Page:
If Megan Rapinoe had planned to take a knee during the national anthem in her Wednesday night game against the Washington Spirit, the owner of that women's soccer team effectively squelched that plan. Per the Washington Post, Spirit owner Bill Lynch, an Air Force veteran, made sure the anthem was played at Maryland SoccerPlex only after his team and Rapinoe's Seattle Reign FC headed to the locker room after warmups, a preemptive strike against Rapinoe's anticipated repeat of her protest at a Sunday night game (a show of support for the 49ers' QB Colin Kaepernick). "We understand this may be seen as an extraordinary step, but believe it was the best option to avoid taking focus away from the game on such an important night for our franchise," the Spirit said in a statement, referencing its last regular-season home game that could help earn it a first-place slot.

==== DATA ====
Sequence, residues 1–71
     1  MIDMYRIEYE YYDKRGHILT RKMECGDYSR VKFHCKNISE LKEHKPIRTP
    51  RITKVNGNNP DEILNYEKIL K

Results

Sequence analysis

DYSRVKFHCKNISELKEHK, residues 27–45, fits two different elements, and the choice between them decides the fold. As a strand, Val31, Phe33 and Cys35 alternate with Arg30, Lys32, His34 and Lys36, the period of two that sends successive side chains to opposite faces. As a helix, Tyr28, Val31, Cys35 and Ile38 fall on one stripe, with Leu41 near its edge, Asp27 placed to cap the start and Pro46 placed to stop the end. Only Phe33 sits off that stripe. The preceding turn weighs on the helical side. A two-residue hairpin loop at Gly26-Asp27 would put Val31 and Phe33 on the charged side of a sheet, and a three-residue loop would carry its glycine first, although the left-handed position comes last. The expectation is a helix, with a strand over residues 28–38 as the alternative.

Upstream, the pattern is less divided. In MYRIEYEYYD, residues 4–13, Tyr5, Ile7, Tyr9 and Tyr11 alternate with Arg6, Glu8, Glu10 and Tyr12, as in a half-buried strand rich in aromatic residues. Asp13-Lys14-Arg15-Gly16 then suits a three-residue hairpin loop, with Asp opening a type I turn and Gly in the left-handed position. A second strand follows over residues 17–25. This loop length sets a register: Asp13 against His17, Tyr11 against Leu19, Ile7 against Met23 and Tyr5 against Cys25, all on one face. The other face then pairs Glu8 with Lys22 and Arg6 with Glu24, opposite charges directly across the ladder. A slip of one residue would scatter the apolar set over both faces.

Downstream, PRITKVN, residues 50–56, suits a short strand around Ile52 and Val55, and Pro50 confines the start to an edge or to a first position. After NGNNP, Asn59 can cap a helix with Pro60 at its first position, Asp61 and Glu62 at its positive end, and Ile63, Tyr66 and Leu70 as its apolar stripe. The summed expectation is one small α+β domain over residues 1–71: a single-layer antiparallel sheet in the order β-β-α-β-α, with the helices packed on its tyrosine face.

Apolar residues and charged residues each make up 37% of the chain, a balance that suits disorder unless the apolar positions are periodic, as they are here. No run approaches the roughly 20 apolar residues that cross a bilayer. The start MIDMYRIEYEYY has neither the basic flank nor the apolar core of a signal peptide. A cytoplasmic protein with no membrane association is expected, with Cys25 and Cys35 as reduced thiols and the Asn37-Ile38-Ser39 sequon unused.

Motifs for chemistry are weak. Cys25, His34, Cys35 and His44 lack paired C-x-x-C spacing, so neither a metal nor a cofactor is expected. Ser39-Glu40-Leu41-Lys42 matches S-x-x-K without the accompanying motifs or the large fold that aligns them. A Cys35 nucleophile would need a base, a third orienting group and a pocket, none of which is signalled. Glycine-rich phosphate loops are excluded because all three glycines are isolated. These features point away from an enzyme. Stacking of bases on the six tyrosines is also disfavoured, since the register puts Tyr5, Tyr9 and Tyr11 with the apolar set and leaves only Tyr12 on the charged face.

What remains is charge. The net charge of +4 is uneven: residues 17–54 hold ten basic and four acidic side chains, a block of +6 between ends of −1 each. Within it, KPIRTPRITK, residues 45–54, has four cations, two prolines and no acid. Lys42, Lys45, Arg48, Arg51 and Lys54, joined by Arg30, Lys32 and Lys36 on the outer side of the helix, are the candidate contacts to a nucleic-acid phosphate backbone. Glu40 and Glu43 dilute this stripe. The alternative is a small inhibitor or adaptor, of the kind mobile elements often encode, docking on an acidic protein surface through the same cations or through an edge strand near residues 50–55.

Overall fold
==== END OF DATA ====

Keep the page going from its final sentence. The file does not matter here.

The statement went on to say that although Rapinoe is "an amazing individual with a huge heart," the Spirit didn't want her "hijacking" the game for her "personal—albeit worthy—cause," nor to "subject our fans and friends to the disrespect we feel such an act would represent." Rapinoe, for her part, said after the game she was "saddened" by the song subterfuge and called it "f---ing unbelievable" and "incredibly distasteful, four days before [the anniversary of] one of the worst tragedies in our country, to say I tried to hijack this event." One other person not aware in advance of the Spirit's plans, per the Post: National Women's Soccer League Commissioner Jeff Plush, who says he was "disappointed" by Lynch's move. Meanwhile, Rapinoe's team issued its own statement that said it will "continue to encourage" its players to take part in any pre-game ceremonies, but that they're free to do so "in a manner consistent with their personal beliefs." (More Rapinoe reaction in the Post.)